Mentions: On MRI, inflammation in the parametrium may be seen as ill-defined hyperintense areas on T2-weighted fat-suppressed images, in addition to enhancement on gadolinium-enhanced T1-weighted images [37]. A pyosalpinx can be visualised as a dilated, fluid-filled, tortuous C or S-shaped structure. Thick-walled fluid-filled abscesses and pyosalpinx may have heterogeneous signal intensity on both T1 and T2 weighting due to mixtures of pus, haemorrhage and debris. The thick-walled mass typically demonstrates marked enhancement following iv gadolinium administration (Fig. 10c). Ovarian cancer should always be considered when investigating a possible tubo-ovarian mass. Although radiological features of abscess and ovarian malignancy can be similar, the clinical presentation plays an important role in establishing the diagnosis and follow-up imaging following treatment confirms decreasing size of adnexal massses [40, 41].Fig. 10

Bottom Line: Adnexal torsion may also be identified using ultrasound and Doppler, although the diagnosis cannot be safely excluded based on imaging alone.Although MRI is not frequently used in the emergency setting, it is an important modality in characterising features that are unclear on ultrasound and CT.MRI is particularly helpful in identifying the site of origin of large pelvic masses, such as haemorrhagic uterine fibroid degeneration and fibroid prolapse or torsion.

View Article: PubMed Central - PubMed

Affiliation: St Barts & The London NHS trust, St Bartholomew's Hospital, West Smithfield, London, EC1A 7BE, UK, oran.roche@bartsandthelondon.nhs.uk.

ABSTRACT

Background: The role of various gynaecological imaging modalities is vital in aiding clinicians to diagnose acute gynaecological disease, and can help to direct medical and surgical treatment where appropriate. It is important to interpret the imaging findings in the context of the clinical signs and patient's pregnancy status.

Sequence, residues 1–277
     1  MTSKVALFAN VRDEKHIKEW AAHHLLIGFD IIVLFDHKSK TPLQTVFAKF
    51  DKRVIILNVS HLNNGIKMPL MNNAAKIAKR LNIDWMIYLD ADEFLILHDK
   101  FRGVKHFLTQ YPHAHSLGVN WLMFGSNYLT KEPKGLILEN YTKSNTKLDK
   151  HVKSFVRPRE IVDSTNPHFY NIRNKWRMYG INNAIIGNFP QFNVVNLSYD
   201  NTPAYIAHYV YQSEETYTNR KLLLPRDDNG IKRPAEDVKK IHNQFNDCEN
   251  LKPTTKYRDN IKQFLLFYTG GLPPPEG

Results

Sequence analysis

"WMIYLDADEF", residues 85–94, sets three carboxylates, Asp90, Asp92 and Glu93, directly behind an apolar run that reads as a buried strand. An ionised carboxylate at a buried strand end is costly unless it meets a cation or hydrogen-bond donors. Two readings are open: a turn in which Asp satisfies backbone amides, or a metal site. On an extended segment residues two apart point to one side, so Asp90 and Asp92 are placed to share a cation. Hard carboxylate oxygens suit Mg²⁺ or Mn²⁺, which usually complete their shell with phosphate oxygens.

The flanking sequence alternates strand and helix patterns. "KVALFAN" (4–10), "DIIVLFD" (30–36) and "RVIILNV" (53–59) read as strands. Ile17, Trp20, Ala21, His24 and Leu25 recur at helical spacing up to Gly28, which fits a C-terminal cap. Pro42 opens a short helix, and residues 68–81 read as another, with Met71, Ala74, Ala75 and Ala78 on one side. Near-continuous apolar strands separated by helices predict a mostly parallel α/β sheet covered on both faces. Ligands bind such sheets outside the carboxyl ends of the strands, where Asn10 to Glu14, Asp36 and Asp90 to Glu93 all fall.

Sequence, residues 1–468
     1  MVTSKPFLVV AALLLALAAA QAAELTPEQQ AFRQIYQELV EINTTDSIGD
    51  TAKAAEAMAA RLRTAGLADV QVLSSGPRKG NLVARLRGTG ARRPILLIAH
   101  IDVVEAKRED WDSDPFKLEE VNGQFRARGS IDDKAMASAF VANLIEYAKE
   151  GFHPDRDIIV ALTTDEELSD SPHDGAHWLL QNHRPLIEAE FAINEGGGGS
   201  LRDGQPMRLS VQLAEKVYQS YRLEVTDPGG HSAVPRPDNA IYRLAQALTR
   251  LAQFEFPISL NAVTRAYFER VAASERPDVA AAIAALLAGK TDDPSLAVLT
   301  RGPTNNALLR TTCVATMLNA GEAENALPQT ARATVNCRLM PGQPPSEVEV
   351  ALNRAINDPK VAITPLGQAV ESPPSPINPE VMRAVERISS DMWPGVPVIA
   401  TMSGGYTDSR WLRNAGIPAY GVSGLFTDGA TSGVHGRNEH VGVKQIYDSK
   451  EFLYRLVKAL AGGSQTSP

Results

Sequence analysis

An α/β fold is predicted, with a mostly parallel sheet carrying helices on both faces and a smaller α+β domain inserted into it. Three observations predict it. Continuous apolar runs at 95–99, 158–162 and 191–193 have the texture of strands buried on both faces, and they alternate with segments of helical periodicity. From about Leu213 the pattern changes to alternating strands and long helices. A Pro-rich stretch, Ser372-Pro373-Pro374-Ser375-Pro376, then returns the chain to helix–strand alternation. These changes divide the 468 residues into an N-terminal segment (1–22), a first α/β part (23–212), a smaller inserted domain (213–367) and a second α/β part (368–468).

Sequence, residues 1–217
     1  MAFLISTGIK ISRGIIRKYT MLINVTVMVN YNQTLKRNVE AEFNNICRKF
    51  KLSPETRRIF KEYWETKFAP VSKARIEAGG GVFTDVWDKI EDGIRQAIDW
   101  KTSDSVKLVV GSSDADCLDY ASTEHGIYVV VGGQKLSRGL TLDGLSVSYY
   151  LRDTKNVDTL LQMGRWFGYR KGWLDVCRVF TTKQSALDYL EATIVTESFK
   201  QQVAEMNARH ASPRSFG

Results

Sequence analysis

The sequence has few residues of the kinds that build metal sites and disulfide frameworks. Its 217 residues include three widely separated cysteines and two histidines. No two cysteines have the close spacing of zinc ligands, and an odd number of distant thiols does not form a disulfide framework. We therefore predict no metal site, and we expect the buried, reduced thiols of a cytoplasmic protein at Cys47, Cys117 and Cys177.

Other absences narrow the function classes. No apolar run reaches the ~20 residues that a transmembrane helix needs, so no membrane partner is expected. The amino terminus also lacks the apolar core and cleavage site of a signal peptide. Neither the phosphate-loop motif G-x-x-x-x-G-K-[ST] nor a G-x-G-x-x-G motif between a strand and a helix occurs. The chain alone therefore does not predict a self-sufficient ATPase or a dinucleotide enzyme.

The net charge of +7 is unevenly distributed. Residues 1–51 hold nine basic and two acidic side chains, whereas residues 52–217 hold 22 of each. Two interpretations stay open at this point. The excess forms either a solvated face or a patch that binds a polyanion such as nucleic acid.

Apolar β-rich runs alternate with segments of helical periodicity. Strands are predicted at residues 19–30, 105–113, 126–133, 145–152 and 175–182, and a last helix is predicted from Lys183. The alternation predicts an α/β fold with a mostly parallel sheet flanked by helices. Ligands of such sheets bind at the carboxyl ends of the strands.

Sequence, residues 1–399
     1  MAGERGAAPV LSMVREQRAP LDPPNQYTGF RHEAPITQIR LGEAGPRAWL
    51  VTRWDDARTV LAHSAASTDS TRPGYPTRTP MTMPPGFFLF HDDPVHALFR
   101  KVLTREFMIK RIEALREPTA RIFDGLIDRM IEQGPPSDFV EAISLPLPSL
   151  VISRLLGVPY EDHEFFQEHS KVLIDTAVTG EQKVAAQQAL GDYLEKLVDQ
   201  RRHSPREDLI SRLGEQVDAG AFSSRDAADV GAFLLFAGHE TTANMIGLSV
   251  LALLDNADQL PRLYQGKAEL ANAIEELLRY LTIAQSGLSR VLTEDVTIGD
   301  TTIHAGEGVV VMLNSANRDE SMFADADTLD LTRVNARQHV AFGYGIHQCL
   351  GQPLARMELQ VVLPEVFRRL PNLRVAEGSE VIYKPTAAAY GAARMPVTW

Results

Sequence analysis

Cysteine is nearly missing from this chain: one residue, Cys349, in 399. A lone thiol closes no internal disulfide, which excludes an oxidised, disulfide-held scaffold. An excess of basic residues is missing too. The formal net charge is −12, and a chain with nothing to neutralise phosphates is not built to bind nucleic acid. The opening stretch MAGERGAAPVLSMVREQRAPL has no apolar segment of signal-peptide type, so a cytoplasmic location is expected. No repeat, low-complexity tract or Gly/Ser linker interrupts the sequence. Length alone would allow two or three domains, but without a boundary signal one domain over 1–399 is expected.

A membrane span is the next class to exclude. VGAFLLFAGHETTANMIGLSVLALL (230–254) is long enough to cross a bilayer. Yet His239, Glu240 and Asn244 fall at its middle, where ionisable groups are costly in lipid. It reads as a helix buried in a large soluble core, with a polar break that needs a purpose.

Methods: Ultrasound and Doppler are readily available in the emergency department, and demonstrate features of haemorrhagic follicular cysts, ovarian cyst rupture, endometriotic cysts and pyosalpinx. Adnexal torsion may also be identified using ultrasound and Doppler, although the diagnosis cannot be safely excluded based on imaging alone. Computed tomography (CT) is not routinely employed in diagnosing acute gynaecological complications. However due to similar symptoms and signs with gastrointestinal and urinary tract pathologies, it is frequently used as the initial imaging modality and recognition of features of gynaecological complications on CT is important.

Results: Although MRI is not frequently used in the emergency setting, it is an important modality in characterising features that are unclear on ultrasound and CT.

Conclusion: MRI is particularly helpful in identifying the site of origin of large pelvic masses, such as haemorrhagic uterine fibroid degeneration and fibroid prolapse or torsion. In this article, we review the imaging appearances of gynaecological emergencies in non-pregnant patients.

Teaching points: • Ultrasonography is easily accessible and can identify life-threatening gynaecological complications. • Tomography scanners and computed radiography are not routinely used but are important to recognise key features. • MRI is used for the characterisation of acute gynaecological complications. • Recognition of the overlap in symptoms between gastrointestinal and gynaecological conditions is essential.

No MeSH data available.


Related in: MedlinePlus